I'm interested in your opinion. What du you think??

Thank you very much for your answer.

Answer
Hello David.


Dinosaurs and big mammals vs people

1) 18x prehistoric hunter armed with a bow and arrow, long spear (with steel spike) and fire. They have a good organization. vs Tyrannosaurus rex (great specimen 14m length 5.5m height 10t weight): The action important by the hunters here will be to attack effectively while keeping a safe distance.  A Tyrannosaurus-rex can swallow a man whole, and killing 18 of them will be no problem if the battle brings it close to the hunters.  With an arsenal of bows & spears, the hunters should be able to wound the dinosaur enough to overcome it.  A good strategy would be to shoot the T-rex with the arrows to weaken it, and then move in a bit closer (but still at a safe distance) to hurl their spears to complete the kill.  They would need to be careful, because a Tyrannosaurus can step the length of an automobile with one stride, and can close the distance to pick off its attackers.  Edge to 18 prehistoric hunters.  

2) 40x prehistoric hunter armed with a bow and arrow, long spear (with steel spike) and fire. They have a good organization. vs 2x Acrocantosaurus (great specimen 12.5m length 7t weight): As with the last matchup, 20 hunters on each dinosaur should be sufficient.  The hunters will need to be careful not to run into the range of one Acrocantosaurus while avoiding the other, but they should be wary of this if they are well-organized.  Edge to 40 prehistoric hunters.

3) 16x prehistoric hunter armed with a bow and arrow, long spear (with steel spike) and fire. They have a good organization. vs Songhua River Mammoth (great specimen 10m length 5.3m height 18t weight): Using the same strategy used against the Tyrannosaurus, the 16 hunters should be able to overcome this huge mammal.  The mammoth is much larger than the T-rex, and will be harder to defeat, but attacking from a distance will be the key.  Getting close to the huge pachyderm will bring a risk of getting trampled, but if these hunters are indeed organized, they should be savvy enough to succeed.  They won't pull this off every time (the mammoth may run; the arrows/spears might not hit vital areas), but should be favored.  Edge to 16 prehistoric hunters.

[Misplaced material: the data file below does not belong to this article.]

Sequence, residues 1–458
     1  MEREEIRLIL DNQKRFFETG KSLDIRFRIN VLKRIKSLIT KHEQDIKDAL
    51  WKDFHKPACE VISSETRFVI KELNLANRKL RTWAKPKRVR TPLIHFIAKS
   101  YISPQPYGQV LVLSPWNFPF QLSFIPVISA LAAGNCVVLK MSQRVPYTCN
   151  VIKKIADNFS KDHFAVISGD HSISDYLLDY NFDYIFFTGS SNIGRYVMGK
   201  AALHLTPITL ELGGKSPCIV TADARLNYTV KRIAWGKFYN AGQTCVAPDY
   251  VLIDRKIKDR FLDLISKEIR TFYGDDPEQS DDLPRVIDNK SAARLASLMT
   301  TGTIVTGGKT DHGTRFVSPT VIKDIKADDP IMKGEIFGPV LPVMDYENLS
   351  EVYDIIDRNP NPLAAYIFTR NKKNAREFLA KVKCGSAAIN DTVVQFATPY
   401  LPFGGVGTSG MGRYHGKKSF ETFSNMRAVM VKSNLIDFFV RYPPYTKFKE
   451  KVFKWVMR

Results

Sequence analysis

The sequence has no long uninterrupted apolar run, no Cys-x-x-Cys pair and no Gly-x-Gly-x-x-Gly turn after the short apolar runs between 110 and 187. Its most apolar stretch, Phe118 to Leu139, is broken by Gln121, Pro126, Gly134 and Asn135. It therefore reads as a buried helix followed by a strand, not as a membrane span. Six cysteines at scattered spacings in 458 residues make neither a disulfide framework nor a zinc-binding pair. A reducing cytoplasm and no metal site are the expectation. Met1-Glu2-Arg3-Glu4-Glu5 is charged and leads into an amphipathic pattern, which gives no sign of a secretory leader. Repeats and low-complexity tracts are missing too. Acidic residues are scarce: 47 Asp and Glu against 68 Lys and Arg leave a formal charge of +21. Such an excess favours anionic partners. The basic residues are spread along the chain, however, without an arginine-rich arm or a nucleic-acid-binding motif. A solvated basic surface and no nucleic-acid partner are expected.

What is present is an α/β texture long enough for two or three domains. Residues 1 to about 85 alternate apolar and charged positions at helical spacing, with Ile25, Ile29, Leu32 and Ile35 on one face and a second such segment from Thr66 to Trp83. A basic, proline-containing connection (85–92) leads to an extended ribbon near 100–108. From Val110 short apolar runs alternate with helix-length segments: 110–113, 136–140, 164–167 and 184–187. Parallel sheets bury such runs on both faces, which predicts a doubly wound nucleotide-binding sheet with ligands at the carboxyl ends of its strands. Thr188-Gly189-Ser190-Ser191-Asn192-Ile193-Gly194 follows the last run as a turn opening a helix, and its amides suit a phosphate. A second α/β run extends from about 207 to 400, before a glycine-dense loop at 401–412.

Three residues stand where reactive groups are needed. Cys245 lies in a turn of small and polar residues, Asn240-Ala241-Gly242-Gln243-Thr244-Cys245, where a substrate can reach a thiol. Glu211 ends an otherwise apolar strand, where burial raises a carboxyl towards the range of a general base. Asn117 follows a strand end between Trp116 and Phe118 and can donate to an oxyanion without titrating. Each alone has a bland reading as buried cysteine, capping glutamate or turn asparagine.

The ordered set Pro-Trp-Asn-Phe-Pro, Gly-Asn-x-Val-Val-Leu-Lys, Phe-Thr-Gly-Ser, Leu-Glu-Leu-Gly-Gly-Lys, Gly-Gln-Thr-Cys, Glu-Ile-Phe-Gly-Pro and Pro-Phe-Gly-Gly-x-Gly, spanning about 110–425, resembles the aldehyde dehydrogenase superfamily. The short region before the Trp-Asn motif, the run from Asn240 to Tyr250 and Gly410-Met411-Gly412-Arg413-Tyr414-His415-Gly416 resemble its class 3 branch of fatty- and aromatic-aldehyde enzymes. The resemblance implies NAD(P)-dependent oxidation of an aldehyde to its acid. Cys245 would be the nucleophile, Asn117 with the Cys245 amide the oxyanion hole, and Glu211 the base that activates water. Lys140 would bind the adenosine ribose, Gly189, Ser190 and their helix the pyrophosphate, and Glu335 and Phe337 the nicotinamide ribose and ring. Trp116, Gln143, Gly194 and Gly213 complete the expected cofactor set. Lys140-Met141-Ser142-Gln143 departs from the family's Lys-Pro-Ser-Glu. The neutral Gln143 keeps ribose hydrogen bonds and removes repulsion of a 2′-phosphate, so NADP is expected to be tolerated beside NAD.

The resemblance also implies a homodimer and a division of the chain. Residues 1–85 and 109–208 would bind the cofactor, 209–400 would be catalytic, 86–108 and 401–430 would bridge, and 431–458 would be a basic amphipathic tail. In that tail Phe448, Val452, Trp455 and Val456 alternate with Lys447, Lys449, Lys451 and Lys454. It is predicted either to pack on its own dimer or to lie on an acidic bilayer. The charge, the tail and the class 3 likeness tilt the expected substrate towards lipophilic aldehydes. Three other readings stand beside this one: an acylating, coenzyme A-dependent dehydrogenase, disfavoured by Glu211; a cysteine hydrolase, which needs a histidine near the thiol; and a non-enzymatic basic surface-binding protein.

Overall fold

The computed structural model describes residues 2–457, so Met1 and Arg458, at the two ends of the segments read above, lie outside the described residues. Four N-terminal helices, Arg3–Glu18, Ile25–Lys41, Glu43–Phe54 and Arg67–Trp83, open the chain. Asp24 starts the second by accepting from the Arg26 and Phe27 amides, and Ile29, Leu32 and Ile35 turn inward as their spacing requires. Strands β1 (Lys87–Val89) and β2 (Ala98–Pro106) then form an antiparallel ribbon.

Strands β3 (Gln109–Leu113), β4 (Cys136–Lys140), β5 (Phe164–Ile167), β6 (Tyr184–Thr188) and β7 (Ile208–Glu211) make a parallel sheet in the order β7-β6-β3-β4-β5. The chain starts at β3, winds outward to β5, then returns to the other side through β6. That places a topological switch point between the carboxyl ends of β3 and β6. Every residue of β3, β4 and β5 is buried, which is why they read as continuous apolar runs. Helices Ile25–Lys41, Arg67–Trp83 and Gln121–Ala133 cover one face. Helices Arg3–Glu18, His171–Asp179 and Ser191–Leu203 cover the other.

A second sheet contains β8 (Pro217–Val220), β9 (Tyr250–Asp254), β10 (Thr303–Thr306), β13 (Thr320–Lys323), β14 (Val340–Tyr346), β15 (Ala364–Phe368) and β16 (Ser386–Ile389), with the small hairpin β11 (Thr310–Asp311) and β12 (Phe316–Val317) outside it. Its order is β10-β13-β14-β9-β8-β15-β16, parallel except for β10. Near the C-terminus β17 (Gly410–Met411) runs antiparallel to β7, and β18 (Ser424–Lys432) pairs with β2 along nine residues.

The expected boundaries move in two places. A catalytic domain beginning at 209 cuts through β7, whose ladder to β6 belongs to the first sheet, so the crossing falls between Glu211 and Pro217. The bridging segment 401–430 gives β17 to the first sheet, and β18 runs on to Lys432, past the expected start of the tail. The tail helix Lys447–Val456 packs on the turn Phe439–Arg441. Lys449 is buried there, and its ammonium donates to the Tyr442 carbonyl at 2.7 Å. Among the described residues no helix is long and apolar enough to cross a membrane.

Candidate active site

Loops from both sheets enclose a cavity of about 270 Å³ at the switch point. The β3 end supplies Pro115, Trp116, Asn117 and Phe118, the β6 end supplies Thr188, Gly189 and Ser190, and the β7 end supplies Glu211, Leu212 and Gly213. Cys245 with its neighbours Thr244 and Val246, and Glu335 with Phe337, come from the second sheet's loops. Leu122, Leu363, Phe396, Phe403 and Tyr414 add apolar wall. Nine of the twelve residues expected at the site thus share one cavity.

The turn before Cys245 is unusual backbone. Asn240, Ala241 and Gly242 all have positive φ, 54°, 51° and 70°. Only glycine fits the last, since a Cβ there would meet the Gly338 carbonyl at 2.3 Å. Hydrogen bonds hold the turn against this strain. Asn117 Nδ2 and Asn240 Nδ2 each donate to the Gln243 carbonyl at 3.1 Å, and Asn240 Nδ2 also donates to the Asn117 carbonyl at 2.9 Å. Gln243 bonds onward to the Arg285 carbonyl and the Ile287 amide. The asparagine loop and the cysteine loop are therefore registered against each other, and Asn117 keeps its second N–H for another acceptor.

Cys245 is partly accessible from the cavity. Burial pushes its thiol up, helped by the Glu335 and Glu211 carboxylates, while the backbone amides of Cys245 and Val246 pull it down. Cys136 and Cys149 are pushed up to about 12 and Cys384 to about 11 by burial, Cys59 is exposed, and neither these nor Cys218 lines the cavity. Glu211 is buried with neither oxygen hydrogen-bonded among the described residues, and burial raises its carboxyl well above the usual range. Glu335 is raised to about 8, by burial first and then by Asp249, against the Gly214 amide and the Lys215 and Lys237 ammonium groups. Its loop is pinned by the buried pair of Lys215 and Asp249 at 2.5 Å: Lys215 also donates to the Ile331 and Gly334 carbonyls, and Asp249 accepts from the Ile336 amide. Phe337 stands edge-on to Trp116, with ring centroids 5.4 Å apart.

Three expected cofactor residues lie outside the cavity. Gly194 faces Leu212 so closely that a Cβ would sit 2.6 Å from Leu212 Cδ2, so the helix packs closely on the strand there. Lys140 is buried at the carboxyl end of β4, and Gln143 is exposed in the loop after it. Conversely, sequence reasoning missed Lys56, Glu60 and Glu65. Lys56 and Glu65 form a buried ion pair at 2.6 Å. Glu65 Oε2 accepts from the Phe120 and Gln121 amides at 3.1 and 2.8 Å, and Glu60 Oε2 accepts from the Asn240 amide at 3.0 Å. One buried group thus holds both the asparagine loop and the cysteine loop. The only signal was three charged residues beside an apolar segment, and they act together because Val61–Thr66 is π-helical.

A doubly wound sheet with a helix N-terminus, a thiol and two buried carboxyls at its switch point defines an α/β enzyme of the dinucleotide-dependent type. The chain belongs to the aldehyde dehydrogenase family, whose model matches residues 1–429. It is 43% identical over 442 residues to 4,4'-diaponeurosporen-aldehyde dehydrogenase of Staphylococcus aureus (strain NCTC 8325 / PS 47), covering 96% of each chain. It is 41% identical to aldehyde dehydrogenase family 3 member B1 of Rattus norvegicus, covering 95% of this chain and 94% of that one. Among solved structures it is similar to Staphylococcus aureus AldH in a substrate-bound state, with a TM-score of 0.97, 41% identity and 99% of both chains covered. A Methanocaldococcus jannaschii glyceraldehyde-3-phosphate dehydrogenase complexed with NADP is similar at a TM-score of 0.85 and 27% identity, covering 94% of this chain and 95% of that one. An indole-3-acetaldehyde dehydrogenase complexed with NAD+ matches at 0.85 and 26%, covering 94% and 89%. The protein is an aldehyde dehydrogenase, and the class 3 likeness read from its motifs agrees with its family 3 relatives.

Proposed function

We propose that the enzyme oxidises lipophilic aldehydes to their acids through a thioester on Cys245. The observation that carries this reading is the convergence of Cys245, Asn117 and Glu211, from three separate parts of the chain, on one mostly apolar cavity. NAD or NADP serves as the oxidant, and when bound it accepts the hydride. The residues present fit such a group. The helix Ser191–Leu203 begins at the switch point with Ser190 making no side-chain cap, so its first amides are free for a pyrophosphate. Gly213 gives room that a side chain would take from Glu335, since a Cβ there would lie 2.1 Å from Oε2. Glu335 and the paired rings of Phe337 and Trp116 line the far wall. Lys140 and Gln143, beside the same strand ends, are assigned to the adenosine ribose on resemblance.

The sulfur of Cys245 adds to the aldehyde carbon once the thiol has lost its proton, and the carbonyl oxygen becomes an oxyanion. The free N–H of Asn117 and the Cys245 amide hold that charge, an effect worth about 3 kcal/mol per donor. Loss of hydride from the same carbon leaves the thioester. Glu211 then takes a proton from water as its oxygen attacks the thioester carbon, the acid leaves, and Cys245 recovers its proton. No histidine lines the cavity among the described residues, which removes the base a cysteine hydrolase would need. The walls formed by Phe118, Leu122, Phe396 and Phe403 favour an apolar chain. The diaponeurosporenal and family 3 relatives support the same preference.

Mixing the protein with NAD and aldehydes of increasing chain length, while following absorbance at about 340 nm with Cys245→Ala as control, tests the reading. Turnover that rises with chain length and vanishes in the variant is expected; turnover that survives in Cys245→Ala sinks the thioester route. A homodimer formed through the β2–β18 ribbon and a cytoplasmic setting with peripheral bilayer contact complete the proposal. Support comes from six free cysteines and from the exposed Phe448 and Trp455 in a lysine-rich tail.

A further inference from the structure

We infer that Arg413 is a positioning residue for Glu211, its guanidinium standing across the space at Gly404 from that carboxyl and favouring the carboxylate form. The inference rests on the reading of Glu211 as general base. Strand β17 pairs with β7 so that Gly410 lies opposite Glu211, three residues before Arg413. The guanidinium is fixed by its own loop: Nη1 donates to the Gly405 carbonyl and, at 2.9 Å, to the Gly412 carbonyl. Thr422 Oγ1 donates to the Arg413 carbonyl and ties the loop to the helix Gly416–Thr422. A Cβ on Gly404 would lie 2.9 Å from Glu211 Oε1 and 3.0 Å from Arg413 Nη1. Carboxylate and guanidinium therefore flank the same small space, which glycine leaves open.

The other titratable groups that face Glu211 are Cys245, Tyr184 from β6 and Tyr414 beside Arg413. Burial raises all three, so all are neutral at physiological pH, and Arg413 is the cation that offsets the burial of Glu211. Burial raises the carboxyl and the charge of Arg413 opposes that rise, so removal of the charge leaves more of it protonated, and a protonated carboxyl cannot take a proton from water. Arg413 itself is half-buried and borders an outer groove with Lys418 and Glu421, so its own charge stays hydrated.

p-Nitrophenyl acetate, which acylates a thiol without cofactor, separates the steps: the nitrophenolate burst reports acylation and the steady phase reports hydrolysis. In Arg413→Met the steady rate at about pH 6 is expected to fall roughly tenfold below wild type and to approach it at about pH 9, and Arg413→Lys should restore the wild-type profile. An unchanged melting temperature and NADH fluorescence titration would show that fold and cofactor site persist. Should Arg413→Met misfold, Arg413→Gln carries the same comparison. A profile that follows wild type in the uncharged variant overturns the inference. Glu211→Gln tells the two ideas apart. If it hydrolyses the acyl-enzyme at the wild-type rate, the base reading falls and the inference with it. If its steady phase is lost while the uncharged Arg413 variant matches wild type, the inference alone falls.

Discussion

4) 10x prehistoric hunter armed with a bow and arrow, long spear (with steel spike)  and fire. They have a good organization. vs Megatherium (5ton): Megatheriums (giant sloths) have tough hides reinforced with a layer of small bony growths (like a crocodile's osteoderms) that form a type of armor similar to chain mail armor.  This hide will give the Megatherium ample protection against the arrows & spears of the hunters over much of its body, but some areas (namely the head) may still be vulnerable.  The Megatherium's mobility is somewhat poor, and the hunters will have little trouble staying out of range of the giant sloth's huge, swiping forelimbs.  This may depend on how many arrows the hunters have, and how accurate they are at delivering them.  The hunters will find it difficult to kill the Megatherium, but the Megatherium won't be able to easily flee.  There are a few conditions at play here, and the outcome may go either way (perhaps being a stalemate).  Close to 50/50.

5) 8x prehistoric hunter armed with a bow and arrow, long spear (with steel spike) and fire. They have a good organization. vs 2 x 500 kg Smilodon populator: The agility, explosiveness, & speed of the Smilodon isn't as great as some modern big cats, but it is at a high enough level to present a problem for the attacking prehistoric hunters.  The spears might not find their mark, and the arrows won't cause enough initial damage to keep the Smilodons from rushing to counter-attack the hunters.  A Smilodon is powerful, stocky, & well-armed (long upper canines & sharp claws), and can easily dispatch many hunters in a short amount of time.  The hunters will have a chance to succeed if they use the fire to keep the great cats from approaching dangerously close, but it won't likely keep them safe throughout the entire encounter.  Probably close to 50/50.